"Lord of the Wings"
As that airing of a revered Philadelphia tradition on these pages got a good response, here's another one....
Yesterday was Wing Bowl XIV in this City of Brotherly Love. The annual early-morning wing-eating contest -- always held the Friday before Super Bowl and started by the drive-time team on 610WIP, our local sports-talk station, who were looking to celebrate something (anything) as it seemed in 1993 that the Eagles would never again reach the Super Bowl -- has inexplicably taken on a life of its own since its first go-round, when 150 people showed up to watch fat men eat wings in the lobby of the Wyndham Franklin Plaza in Center City Philly.
It started as a goof, but now it's become a sporting mega-event all its own, being housed in ever-bigger clubs and concert halls with each passing year, then packing the 7,000-seat Palestra (home of my alma mater's basketball team) before going on to the Wachovia Center, the pro basketball and hockey arena, where in excess of 20,000 spectators have gathered for the last five years.
20K may sound like a lot of room, but it isn't.... Well, unless the event is a non-papal liturgy.
This was the first year that the Bowl was a ticketed event -- $5 a pop, the proceeds going to local charities. In years past, the wing-loving faithful would show up from 9pm the night before to try and secure a place in line that would get them into the arena.
Remember, the actual competition begins at 7am.
Last year was the last straw for the first come, first seated policy as this city was at a fever pitch. The Eagles had reached the Super Bowl for the first time since 1980, and we were all pumped through the roof -- you're born in this town never expecting to see a championship. Ever. I still haven't seen one, myself.
Given that background, the slighest glimmer of hope is cause for bacchanal.
So the usual Wing Bowl hype was ramped up by the Eagles' chance to bring the greatest monstrance of all -- the Vince Lombardi Trophy -- home. The city basically took a four-day weekend, and a full 100,000 people converged on the Wachovia Center lot way before dawn on a cold early Friday morning as freezing rain fell.
And, of course, I was there.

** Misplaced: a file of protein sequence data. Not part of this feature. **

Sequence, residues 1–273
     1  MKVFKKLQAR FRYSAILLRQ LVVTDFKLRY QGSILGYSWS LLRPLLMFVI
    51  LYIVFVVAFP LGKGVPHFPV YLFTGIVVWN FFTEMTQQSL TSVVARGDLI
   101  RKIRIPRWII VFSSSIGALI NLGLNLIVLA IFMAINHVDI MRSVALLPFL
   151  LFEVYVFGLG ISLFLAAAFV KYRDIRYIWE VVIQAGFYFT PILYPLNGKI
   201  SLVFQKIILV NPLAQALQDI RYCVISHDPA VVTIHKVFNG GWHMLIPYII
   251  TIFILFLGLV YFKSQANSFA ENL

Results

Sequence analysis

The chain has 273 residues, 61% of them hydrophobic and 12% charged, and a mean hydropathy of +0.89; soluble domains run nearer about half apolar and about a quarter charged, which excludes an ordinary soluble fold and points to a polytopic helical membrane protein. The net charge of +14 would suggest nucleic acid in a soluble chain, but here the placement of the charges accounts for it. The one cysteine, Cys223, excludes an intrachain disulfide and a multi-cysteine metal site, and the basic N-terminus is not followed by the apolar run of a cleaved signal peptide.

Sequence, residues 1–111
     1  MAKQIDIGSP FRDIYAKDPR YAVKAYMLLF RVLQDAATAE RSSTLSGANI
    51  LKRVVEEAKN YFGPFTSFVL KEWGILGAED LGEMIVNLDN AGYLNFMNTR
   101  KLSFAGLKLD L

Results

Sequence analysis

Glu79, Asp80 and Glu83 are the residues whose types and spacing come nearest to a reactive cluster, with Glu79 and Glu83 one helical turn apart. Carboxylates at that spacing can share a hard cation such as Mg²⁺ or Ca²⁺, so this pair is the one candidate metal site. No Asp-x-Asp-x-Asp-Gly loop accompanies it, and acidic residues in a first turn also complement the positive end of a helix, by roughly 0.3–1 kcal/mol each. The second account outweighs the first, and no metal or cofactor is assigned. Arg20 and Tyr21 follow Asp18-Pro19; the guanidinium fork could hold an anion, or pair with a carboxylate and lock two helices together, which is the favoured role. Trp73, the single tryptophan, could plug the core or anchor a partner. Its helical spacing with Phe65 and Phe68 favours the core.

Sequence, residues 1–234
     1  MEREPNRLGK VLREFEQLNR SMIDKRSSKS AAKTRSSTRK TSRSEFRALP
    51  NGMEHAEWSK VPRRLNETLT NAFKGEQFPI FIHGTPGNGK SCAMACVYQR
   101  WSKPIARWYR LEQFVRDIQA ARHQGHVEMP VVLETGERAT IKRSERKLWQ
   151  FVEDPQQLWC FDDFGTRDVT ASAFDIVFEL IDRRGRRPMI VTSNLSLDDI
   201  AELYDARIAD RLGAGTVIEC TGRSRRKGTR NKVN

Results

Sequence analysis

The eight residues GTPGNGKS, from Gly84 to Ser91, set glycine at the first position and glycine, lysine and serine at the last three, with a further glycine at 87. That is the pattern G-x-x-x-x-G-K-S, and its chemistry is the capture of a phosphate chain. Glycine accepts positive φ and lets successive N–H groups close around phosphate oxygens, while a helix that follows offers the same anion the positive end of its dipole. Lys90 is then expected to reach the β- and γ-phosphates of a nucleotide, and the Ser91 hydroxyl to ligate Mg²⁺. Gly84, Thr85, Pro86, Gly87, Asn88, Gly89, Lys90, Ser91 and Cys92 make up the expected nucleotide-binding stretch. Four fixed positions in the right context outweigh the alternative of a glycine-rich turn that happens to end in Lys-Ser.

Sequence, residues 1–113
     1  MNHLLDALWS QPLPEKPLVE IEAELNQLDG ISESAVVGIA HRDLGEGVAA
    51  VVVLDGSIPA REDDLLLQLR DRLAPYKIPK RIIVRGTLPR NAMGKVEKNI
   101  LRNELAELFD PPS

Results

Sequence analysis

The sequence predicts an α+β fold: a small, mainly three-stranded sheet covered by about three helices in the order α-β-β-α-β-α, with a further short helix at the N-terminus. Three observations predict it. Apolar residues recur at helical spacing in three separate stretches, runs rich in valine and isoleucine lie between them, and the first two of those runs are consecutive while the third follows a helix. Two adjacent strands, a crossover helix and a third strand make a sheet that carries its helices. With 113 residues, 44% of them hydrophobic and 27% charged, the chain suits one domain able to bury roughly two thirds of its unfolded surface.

As parochial Philadelphians tend to do, and as there were no tickets, fighting broke out among the tailgaters. Since the only way the people could get in was by queueing up, rival lines started forming, some pulled knives, others threw ice, and there were nearly four stampedes.
For you Russian History buffs, it was remarkably akin to Khodynka Meadow -- just without the mass deaths, and replace the ciphered mugs with chicken wings. But everything else was there, vodka included.
I don't think they had public woman-on-woman oil wrestling in 1896, however, but I digress....
And for all that, showing up at 2am with fistfuls of Wawa hot dogs and Miller Lite, encountering masses of tailgaters and seeing loads of those wonderful things which can only fall under one categorization -- "Only in Philly..." -- your humble narrator e seguito still didn't make it in the door by the time the arena was filled.
Mind you, the arena was filled by 5.25am.
Ergo, there were more Wing Bowl "rejects" than attendees, by a margin of roughly 75,000....
What's a Wing Bowl reject to do, you ask? Easy: recoup at Geno's for a 6am cheesesteak, of course, then wind up at the city's biggest Irish pub with 3,000 of your closest friends at 7.15(am), drink Jaegermeister for breakfast, and try to keep up as a different group of revved fans launches into a different chant every 30 seconds. While drinking Jaegermeister for breakfast.
It didn't take long before the cops had to start turning revelers away from the bar, too. You can see why.
Suffice it to say, the rejects had a better time than those who actually got seats. I doubt we'll ever know anything like that in this town again -- at least, until the Birds actually win the Bowl.
As for this year's contest, it was decided that no past winners could compete, hence the term "Virgin" Wing Bowl. The winner was a 22 year-old from California, Joey Chestnut, who ate 173 wings in the 40-minute regulation period (there are intermissions).
Contrary to established Wing Bowl custom, the champion did not compete under a stage name.
Only in Philly....
PHOTO: AP/Joseph Kaczmarek